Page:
Sets World Records
Oerter was just hitting his stride. In the years between the Melbourne Olympics and the 1960 Olympics in Rome he captured the U.S. national championship for discus three times: 1957, 1959, and 1960. In 1959 Oerter also won the gold medal in the Pan-American Games.
Although he again wasn't necessarily the favorite, nor the world record holder (Poland's Edmund Piatkowski had set the new mark of 59.91 meters in 1959), Oerter easily defended his gold medal in the 1960 Rome Olympics with a winning throw of 59.18 meters (194 feet, 11/2 inches) as the United States once again swept the discus competition: Richard Babka won the silver medal and Dick Cochran the bronze.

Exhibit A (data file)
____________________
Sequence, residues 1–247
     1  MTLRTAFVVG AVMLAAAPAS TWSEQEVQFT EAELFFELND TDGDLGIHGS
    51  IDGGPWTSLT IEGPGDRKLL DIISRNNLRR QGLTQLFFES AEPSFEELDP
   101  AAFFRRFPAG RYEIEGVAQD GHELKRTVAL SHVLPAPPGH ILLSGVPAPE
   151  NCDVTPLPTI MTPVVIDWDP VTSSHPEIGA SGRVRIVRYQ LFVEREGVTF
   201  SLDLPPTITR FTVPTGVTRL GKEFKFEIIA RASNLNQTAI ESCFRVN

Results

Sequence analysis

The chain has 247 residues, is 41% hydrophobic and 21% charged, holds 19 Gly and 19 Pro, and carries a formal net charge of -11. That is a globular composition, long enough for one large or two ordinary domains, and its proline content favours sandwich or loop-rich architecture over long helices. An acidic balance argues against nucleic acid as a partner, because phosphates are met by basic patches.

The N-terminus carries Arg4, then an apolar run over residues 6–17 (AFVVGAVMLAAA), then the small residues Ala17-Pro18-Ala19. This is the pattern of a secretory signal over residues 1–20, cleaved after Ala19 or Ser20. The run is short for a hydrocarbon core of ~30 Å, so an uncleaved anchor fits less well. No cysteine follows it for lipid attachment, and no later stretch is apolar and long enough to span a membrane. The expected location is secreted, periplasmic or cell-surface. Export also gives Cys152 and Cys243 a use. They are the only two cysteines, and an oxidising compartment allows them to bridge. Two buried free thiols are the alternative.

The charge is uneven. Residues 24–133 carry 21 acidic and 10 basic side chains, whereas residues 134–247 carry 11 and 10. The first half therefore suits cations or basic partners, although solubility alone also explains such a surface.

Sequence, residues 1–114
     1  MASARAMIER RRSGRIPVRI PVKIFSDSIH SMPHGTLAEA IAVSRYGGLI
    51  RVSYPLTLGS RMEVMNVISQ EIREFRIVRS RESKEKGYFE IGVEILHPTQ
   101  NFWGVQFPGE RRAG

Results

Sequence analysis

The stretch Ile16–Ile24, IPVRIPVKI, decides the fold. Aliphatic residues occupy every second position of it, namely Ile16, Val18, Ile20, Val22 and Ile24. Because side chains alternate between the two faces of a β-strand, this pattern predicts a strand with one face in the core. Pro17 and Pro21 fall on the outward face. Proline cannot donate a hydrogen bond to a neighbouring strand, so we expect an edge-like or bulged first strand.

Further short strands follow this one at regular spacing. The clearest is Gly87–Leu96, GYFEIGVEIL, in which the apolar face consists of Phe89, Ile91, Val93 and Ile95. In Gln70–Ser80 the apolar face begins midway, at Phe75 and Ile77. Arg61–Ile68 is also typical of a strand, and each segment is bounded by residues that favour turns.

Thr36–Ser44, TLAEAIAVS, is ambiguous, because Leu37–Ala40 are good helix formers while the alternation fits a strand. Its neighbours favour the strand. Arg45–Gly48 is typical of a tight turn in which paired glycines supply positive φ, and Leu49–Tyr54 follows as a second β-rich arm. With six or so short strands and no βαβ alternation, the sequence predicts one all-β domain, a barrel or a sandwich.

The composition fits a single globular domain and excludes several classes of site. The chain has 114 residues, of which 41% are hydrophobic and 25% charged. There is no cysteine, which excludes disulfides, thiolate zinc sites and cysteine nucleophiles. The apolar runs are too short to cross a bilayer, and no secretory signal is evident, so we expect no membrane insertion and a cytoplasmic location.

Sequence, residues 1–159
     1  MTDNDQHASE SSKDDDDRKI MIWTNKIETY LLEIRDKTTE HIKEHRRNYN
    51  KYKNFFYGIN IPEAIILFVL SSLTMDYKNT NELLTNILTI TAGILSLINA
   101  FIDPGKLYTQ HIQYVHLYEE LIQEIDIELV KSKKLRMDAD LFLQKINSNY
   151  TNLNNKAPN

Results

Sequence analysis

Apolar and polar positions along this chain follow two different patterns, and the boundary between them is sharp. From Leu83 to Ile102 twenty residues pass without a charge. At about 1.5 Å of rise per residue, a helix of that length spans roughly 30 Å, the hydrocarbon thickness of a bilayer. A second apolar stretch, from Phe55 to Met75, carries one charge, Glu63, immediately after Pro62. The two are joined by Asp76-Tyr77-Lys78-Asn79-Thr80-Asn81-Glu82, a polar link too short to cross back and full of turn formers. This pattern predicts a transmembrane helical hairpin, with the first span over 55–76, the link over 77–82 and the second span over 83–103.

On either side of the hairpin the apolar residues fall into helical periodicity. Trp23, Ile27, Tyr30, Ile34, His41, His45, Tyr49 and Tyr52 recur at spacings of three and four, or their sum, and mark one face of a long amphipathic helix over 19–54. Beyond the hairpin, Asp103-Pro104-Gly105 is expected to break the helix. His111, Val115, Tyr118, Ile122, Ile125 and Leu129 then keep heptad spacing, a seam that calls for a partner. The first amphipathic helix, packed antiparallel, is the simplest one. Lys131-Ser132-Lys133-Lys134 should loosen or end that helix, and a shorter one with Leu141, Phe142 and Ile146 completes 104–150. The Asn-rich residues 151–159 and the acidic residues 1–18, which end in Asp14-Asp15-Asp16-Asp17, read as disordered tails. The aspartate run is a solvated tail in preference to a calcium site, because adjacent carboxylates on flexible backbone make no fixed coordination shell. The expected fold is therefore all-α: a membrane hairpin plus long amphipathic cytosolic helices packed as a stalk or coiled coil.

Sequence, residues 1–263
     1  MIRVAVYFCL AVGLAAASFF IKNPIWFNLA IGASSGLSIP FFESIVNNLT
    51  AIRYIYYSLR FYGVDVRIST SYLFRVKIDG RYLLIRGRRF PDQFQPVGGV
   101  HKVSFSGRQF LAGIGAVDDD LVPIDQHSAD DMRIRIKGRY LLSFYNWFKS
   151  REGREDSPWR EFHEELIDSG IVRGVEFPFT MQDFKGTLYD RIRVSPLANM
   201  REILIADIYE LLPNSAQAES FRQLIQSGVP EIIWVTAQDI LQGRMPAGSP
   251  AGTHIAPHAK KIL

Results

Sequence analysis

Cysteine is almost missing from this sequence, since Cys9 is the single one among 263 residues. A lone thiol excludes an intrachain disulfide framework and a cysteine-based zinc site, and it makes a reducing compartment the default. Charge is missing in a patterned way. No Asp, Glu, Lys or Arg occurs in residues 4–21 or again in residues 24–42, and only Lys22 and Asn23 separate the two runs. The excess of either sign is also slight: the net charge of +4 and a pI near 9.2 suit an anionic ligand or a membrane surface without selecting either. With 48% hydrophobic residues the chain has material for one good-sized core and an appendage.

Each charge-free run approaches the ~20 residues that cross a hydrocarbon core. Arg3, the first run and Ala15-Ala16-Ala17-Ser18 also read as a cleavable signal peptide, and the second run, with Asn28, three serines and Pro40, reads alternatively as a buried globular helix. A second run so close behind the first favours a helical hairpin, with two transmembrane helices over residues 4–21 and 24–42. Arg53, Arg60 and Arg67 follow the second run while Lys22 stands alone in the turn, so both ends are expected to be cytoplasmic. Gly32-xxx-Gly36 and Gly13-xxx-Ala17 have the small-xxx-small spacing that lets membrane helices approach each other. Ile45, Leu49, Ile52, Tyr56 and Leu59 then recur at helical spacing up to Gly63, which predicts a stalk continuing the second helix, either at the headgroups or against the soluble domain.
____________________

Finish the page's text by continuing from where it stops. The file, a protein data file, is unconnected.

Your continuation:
Having established his Olympic credentials once and for all, Oerter dominated the sport of discus throwing on the international scene over the next four years. In a flurry of amazing competitiveness, beginning with a meet in Los Angeles in May 1962, Oerter accomplished the one goal in his sport that had eluded him—he set the world record with a throw of 61.10 meters (200 feet, 51/2 inches); Oerter was the first person to throw the discus 200 feet. Oerter's record was short-lived. Two and a half weeks later Vladimir Trusenyov set the new standard (61.64 meters) in a meet in Leningrad (now St. Petersburg), Russia. Oerter recaptured the world record with a throw of 62.44 meters in July 1962 in Chicago. In April 1963 he bettered his mark with a throw of 62.62 meters (205 feet, 51/2 inches). Almost exactly a year later, in April 1964, he set the mark again with a throw of 62.94 meters (206 feet, 6 inches). However, by the time the 1964 Olympics came around Oerter's record had been shattered by Ludvik Danek of Czechoslovakia, who, in a meet in August 1964, threw the discus 64.55 meters.